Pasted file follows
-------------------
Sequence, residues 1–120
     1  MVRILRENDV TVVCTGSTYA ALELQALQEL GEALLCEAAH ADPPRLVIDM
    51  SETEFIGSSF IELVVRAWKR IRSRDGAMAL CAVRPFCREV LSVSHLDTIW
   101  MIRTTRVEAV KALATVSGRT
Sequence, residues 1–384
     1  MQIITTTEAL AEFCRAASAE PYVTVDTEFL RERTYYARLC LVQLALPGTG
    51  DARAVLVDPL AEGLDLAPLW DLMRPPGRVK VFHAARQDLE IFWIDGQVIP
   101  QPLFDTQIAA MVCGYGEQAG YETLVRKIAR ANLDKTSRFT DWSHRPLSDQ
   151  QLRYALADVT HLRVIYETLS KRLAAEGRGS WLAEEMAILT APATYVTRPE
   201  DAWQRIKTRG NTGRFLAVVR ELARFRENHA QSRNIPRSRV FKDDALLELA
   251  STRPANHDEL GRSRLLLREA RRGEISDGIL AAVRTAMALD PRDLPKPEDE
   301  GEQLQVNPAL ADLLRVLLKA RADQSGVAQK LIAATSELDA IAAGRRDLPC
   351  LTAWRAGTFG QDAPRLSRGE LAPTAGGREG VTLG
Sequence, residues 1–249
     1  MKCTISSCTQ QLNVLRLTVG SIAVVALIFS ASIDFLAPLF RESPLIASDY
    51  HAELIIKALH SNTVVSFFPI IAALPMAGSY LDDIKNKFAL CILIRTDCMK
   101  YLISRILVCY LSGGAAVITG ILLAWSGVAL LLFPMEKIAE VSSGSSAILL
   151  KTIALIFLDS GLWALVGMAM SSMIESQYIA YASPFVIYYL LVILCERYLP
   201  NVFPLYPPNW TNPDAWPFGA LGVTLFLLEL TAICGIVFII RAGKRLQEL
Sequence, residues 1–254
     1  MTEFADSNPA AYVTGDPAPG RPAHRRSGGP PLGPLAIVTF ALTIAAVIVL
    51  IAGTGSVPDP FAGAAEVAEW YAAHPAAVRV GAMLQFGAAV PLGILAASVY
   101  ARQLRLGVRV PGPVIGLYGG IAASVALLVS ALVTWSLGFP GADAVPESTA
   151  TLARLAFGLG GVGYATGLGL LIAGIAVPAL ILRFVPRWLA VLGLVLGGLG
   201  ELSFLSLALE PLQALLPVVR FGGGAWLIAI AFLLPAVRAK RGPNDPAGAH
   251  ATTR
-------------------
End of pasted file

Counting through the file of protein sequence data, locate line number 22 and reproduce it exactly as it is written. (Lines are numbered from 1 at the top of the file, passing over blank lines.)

    51  IAGTGSVPDP FAGAAEVAEW YAAHPAAVRV GAMLQFGAAV PLGILAASVY